Conisborough Brickyard – A Chimney Felled

October 1925

Mexborough and Swinton Times, October 31 1925

Conisborough Brickyard
A Chimney Felled
Developments at Mexborough

To see a 70 foot chimney totter is an impressive sight, and a crowd of Conisborough people watched the fall of it at the local brickworks yesterday.

Large, but mathematically designed holes, are made into the sides of the chimney, near the base, and at a signal from the manager, a few more bricks are carefully dislodged; the workmen – for only one undertakes these final strokes – pauses to see the effect of each stroke. Another brick goes, and with it a little blackened mortar. The workmen steps back. It is a breathless moment. More mortar and more dust and grime and destroyer of chimneys that back. It is enough! More mortar and volumes of dust and grime; an increased rumbling, a loud crack, and down it comes in a graceful curve, to smash itself on the ground beneath. “She fell beautifully” mutters one of the workmen proudly, and all is finished but the clearing away of the debris.

The chimney is one of two, which, having served their purposes are been demolished to make way for improvements. The works, which started as far back as 1838, were taken over by the Yorkshire Amalgamated Products Limited of Doncaster, in 1920, and since then have been completely reorganised. In place of 14 old fashion kilns there are now one large and three smaller modern kilns, by which 7,000,000 a year are been manufactured. Besides the ordinary building brick, the works produce moulded, coping, ventilating, rustic and facing bricks, chimney pots and all kinds of terracotta. Indeed, Conisborough brickyard is the principal “facing” brickyard in Yorkshire.

The shale hole, from which the clay is obtained, is the deepest in the country and forms the finest exposure of upper coal measure in Yorkshire, being in the junction of this coal measure and the Permian lime-stone bad.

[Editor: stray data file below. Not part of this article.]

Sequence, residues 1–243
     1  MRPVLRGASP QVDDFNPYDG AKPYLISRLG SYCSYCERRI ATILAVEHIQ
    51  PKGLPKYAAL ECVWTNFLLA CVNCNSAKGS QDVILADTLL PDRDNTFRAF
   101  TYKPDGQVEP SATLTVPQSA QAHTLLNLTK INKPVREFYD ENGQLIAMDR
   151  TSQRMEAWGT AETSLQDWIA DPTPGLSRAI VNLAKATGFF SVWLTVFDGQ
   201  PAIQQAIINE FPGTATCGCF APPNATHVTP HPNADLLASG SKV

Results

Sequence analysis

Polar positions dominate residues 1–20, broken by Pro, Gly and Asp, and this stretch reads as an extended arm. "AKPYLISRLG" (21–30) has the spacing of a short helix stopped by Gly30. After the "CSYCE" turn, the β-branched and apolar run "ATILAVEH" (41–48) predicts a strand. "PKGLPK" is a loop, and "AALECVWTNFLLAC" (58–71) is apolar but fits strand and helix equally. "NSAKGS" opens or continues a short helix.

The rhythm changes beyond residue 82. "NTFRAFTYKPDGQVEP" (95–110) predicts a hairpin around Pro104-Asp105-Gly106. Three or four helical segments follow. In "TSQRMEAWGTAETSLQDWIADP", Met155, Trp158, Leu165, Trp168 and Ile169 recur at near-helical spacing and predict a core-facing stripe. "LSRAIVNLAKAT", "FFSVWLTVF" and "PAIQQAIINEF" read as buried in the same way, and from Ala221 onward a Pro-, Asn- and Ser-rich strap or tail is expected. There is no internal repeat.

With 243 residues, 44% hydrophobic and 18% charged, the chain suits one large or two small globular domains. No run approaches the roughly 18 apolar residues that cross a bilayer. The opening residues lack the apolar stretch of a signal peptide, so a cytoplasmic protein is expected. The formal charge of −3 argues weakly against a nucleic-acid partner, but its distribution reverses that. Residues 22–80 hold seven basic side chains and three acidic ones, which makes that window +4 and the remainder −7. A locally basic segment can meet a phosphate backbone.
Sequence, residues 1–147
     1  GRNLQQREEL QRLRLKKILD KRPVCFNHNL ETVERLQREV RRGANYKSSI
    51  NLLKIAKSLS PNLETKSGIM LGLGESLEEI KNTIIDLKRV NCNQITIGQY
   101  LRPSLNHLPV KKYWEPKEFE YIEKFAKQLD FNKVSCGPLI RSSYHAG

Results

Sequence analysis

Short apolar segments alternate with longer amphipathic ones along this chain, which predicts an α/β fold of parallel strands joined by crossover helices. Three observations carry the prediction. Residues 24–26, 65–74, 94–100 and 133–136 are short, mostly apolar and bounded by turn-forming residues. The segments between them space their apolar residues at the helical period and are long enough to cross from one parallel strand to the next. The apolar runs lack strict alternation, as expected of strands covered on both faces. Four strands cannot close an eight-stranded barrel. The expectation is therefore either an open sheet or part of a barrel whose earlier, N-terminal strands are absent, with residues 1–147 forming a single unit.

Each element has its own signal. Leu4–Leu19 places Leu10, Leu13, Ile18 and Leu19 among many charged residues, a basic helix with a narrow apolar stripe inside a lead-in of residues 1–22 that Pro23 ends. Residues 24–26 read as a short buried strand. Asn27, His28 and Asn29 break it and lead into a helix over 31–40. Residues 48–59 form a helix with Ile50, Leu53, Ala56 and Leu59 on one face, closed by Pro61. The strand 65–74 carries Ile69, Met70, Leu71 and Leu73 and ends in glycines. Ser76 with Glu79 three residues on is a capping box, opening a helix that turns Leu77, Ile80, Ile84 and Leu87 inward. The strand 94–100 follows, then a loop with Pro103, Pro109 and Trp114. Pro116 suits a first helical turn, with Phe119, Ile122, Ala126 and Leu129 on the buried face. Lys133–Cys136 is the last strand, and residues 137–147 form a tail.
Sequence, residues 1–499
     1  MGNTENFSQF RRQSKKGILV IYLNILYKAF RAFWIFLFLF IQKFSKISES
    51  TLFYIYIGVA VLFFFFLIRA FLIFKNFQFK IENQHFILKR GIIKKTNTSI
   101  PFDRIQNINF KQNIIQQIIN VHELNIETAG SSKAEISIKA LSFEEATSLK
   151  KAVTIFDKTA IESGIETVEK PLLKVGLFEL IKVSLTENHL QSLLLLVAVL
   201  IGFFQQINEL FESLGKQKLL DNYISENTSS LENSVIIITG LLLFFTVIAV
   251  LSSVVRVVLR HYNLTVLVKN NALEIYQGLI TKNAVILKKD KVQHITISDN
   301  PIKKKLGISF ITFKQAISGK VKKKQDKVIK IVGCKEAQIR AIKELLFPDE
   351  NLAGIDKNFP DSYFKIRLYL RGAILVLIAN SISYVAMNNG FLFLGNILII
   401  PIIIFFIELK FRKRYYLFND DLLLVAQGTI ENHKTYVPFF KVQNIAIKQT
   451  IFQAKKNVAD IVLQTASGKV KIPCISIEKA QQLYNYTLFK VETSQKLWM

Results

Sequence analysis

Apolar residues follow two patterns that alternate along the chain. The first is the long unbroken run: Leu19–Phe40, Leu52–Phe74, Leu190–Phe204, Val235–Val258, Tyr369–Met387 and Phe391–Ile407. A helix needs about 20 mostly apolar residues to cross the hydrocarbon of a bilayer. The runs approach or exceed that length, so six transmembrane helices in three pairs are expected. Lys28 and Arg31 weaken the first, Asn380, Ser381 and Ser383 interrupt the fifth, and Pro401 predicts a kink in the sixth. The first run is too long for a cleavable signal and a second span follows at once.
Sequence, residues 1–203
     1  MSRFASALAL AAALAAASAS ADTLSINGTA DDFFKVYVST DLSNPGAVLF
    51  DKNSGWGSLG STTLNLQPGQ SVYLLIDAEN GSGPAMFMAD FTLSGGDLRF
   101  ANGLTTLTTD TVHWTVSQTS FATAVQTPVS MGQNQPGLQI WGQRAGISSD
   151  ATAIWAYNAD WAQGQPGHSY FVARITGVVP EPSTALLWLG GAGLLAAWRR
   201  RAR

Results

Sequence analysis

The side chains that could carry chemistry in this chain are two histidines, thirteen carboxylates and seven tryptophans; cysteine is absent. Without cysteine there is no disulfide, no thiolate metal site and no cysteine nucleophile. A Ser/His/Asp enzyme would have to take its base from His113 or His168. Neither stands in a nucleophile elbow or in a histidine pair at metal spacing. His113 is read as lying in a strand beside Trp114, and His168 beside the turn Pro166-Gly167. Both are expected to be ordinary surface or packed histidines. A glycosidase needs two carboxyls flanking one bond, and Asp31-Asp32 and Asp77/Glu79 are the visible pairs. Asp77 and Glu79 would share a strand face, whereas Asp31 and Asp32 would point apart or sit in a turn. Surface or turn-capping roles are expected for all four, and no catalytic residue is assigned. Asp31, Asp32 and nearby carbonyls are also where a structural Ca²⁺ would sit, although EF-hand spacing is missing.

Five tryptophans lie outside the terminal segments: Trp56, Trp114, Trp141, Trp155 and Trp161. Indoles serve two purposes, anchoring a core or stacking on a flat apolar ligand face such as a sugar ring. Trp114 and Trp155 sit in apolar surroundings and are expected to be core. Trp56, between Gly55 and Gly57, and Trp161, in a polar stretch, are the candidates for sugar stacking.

The material is carried from the shale hole in terms and on endless ropes, into the grinding pans, where it is mixed with the desired blend of different beds. This operation requires great skill and experience, for each type of brick requires a totally different blend; for instance, fire bricks require more ironstone than ordinary brick, and facing bricks require another mixer altogether and so on.

From the grinding pans the material is carried by elevators to the screens, where coarser particles are screened and return to the pans to be reground, and the mixture then goes on to the brick making machine.

The principal machine in the brickworks is capable of making 16,000 bricks a day and exerts a final pressure on each moulded brick of 400 tonnes. The engine which drives the chief part of the works is a double cylinder Letz 600 hp model. It is made by Davey and Paxman and co-Ltd and was exhibited by them at Wembley last year. It is a beautiful machine and make no more noise- if as much- as 7 hp car. There is another brick making machine in the yard which produces 12,000 a day.

All the special bricks and terracotta goods are made by what is called the fall plastic process, and have to be dried in steam heated chambers with cast iron plated floors.

Over 100 men are employed